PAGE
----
THE redevelopment of Páirc Uí Chaoimh and the establishment of a centre of excellence is set to give a timely boost to the construction sector and service industries locally, with the creation of over 400 jobs, the Cork County Board of the GAA have said.
At a project briefing, the scheme design was outlined by Seamus Kelly M.D., Malachy Walsh & Partners, consulting engineers and David Flannery, Director of Scott, Tallon, Walker architects.
A general presentation on funding of the €67m project was outlined by County Secretary Frank Murphy who said, “The primary purpose of the development is to restore Páirc Uí Chaoimh as one of the premier sports stadiums in the country and will provide a development worthy of the city and the largest county.”
The Board Delegates from all units in cork were informed that a planning application for the integrated stadium and centre of excellence project will be made in October.
The board and its consultants are currently engaged in intensive discussions with Cork City Council and with the Dutch consultants who are master planning the proposed 100 acre Marina Park surrounding the stadium.
The Stadium will have a games capacity of 45,000 and the project will see a complete modernisation of the existing stadium, the re-development and roofing of both stands, the incorporation of new dressing rooms and pre-match warm up areas, medical facilities, restaurants, meeting and conference rooms, press room, museum, new and additional turnstiles, the elimination of the existing stadium “tunnels” and the creation of new access and egress points for spectators.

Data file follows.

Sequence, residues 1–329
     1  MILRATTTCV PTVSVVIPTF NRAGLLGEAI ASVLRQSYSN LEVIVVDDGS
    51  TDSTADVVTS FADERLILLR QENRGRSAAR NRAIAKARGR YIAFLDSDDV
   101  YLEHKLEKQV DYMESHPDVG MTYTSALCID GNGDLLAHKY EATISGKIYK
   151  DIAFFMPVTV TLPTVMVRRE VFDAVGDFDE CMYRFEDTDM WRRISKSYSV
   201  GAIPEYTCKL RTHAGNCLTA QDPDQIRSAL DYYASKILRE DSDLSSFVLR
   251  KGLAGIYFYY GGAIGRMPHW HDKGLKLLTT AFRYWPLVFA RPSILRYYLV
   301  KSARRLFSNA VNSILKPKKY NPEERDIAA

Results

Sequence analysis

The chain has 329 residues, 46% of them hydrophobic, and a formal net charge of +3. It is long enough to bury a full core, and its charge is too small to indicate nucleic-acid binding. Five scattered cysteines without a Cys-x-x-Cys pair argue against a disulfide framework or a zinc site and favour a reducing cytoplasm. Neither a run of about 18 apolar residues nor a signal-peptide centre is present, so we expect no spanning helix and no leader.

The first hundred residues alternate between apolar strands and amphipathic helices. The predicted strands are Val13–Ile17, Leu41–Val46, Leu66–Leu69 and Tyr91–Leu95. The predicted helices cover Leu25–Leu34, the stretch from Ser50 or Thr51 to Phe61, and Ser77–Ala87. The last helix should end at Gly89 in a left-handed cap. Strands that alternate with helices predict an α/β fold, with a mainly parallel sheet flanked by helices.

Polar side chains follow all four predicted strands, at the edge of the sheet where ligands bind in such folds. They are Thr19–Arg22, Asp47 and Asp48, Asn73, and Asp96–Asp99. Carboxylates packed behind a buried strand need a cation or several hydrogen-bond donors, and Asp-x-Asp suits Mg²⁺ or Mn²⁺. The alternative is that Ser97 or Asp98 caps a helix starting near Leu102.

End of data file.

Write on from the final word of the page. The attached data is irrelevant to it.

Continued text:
The centre of excellence will include an all weather pitch, new gymnasium, dressing rooms, video and performance assessment facilities.
A public viewing area of 1,000 capacity for the all weather pitch will form part of the redevelopment of the existing covered stand.
Subject to a successful planning application, construction on the project will begin in autumn of next year and be undertaken in two phases and completed in 2015.
In the region of 400 direct and indirect construction jobs will be created over the two-phase construction period.
Using Construction Industry Federation multiples, this would result in a direct €22 million boost to the construction and related sectors locally, the meeting was told.
The Stadium will be financed from a number of sources including the GAA, commercial revenue, ticket sales and other funding.
Addressing delegates, Chairman Bob Ryan described the project as “tremendously exciting for the GAA, for sport in general and for Cork itself”.
He warned that it was not an option for Páirc Uí Chaoimh to remain as it was.
“If we are serious about showcasing our games, attracting spectators, encouraging players and sustaining and enhancing the contribution of the GAA to the sporting community life of Cork, then this project needs to proceed,” said Mr. Ryan.
The meeting was informed that each major fixture or public event at Páirc Uí Chaoimh generated an estimated €12m for the local economy with the main beneficiaries being the hospitality sector.
The redeveloped Stadium was not only likely to attract greater numbers of fixtures but also be in a position to attract other large events, thereby addressing significant deficits in Cork’s business and tourism infrastructure.
Former President of the GAA, Christy Cooney, who was in attendance at the briefing, praised the Project and called for its support.